Way back when, when I broke down and joined Facebook, it asked me to state my Political Views. So I wrote “Irresolute Left-wing Libertarian.” And now whenever I come across that tidbit, I still smile and nod in agreement. If I am forced to think about politics or, more accurately, social policies, I generally come down on the left side of the spectrum. I remember having arguments with my older brother when I was still in Grade 2 or 3 where my position was that money was bad and a ridiculous way to do things. As I got older though, I have come to the conclusion that people are at once too stubborn and too independent, and too herd-like and too mindlessly drone-ish for any sort of socialism to work very well. In addition I also personally don’t ‘like’ people all that much and would generally prefer to get my own way too much for me to sign up for the Marxist wagon. Ask me about switchbacks someday. All that and the concept of class warfare is a bit of an odd duck to me.
And later, in my late teens, I read a bunch of what I now know to be ‘libertarian’ novels. And I liked them. Look after yourself and others look after themselves and we will all get along. Shit’ll get done and idiots’ll get shoved off to the side. Seemed simple and pretty darn sensible. I still carry a lot of that. Of course your average libertarian these days seems to be a gun-toting, anti-government paranoid. That’s so not me… And healthcare is a good thing.
I think, when, as I said, I am forced to, I come down as a believer in Benevolent Totalitarianism with an armed populace and very, very harsh violence laws. Checks and balances people… it’s all about checks and balances.
That said I am not yet crazy nor arrogant enough to believe my views are any more sane than a confirmed Marxist’s or those of the Staunchest Libertarian. So I like to work in the system I have and believe in it as much as I can. So far it hovers relatively close to the ‘least harm’ zone. And I don’t think about it overly much. That makes it all better.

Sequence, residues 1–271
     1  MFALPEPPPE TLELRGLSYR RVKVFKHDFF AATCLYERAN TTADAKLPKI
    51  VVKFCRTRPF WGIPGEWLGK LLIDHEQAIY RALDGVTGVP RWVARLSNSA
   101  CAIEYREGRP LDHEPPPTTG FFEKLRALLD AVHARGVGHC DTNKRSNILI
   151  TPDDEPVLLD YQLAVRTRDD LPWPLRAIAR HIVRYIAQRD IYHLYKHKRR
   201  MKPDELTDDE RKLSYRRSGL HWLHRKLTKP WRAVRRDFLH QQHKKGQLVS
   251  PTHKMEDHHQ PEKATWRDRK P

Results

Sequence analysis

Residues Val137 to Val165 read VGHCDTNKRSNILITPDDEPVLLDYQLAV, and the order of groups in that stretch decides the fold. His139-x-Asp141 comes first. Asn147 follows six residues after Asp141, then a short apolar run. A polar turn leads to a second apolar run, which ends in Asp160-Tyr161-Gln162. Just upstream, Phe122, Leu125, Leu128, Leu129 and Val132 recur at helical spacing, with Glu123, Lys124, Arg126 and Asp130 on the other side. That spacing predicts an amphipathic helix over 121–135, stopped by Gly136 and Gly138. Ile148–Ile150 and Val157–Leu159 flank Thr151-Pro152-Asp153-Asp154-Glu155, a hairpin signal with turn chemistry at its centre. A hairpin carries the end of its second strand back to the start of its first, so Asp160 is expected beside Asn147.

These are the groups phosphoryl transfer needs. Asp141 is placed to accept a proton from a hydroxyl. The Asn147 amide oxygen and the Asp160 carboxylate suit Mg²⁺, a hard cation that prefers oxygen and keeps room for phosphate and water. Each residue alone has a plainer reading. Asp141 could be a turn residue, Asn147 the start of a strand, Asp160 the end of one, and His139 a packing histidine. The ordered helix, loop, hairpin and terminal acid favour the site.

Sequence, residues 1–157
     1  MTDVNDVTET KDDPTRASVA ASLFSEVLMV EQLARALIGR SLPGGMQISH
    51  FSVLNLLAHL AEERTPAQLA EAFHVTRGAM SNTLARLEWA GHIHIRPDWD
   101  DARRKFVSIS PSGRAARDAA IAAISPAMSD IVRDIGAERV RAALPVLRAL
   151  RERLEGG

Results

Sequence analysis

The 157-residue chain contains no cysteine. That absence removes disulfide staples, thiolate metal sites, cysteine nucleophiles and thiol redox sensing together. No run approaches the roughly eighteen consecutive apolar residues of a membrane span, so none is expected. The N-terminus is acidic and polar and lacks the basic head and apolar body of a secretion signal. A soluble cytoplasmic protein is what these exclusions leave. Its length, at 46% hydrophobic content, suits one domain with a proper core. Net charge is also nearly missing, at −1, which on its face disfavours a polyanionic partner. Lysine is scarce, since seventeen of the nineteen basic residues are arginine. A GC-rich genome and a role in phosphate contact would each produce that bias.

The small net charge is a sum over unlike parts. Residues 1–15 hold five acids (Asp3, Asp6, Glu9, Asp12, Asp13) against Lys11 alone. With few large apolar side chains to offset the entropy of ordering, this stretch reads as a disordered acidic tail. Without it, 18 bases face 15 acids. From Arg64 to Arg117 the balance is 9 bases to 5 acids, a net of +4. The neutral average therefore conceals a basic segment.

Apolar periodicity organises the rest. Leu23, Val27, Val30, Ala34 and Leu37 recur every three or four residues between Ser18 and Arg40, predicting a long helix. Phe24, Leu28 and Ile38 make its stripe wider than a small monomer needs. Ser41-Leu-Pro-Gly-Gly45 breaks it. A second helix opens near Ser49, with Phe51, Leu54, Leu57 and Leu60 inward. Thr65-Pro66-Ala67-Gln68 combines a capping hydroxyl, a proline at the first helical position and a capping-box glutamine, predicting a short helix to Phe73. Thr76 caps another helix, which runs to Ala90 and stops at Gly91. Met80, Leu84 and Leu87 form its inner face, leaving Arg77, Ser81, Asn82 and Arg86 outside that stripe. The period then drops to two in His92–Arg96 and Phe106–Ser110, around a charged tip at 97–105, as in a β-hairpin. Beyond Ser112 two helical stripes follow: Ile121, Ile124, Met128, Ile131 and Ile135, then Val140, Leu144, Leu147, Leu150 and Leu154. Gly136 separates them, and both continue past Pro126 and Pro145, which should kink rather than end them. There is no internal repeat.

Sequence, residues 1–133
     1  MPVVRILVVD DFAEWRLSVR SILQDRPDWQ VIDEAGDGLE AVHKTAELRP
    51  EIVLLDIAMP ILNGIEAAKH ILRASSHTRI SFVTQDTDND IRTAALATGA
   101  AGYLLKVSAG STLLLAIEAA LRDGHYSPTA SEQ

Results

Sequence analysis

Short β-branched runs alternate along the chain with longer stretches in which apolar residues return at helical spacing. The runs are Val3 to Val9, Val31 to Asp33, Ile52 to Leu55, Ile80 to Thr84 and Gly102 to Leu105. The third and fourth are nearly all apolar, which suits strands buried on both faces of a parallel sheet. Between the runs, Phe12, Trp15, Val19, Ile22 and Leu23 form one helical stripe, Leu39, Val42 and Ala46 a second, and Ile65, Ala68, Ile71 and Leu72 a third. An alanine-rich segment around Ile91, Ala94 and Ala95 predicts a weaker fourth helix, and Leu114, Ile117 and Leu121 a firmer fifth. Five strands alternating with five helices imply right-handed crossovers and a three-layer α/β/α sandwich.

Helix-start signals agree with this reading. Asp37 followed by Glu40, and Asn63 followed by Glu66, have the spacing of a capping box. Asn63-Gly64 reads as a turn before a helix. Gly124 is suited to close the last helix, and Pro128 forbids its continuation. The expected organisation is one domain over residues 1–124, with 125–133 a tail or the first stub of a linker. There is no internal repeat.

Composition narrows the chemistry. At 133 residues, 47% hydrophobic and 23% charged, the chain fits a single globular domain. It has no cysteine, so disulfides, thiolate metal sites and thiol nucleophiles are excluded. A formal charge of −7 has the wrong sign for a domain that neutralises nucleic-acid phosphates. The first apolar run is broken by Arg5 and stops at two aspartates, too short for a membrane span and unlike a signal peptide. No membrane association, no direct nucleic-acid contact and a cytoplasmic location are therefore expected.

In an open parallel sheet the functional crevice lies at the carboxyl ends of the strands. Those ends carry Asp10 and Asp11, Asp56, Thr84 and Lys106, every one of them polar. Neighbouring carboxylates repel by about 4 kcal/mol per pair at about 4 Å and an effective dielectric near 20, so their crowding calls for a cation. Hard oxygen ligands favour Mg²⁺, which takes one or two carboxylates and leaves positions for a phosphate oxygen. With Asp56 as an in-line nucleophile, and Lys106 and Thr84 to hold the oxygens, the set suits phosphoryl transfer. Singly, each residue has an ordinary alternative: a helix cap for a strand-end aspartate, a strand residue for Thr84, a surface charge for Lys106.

But still, I follow along with people of all stripes (still have a soft spot for the gun-toting libertarians…at least in a book) and live with one of those aforementioned Marxists, so I do find myself reluctantly contemplating the dangers of complacency more often than I would really like. And so when I was reading an interview lately with author Stephen Brust — a confirmed, card carrying, left of left, worker’s part socialist — just check out tidbits like this from his site for confirmation — and I come across the following question & answer, it really makes me smile.
VENTRELLA: Do you think there is a place for a third party in America?
BRUST: I don’t know. I’d like to start with a second party and see what happens after that.
— An Interview with MICHAEL A. VENTRELLA
I know here in Canada we technically have a 3 (or more)-party system but really, the moment an NDP government gets elected they start racing to the center, and the Conservatives aren’t much better. And, when I (reluctantly still) think about it, the U.S. is worse. The party differences are so small in actual policy as to be almost impossible to explain to any non-American (when was the last time that either party spent less than 500 billion on defense?). So when I read a quick quip like Brust’s, I laugh first, think about a bit and then share it with my friends as a bit of reality check. And to remind myself that thinking isn’t such a bad thing.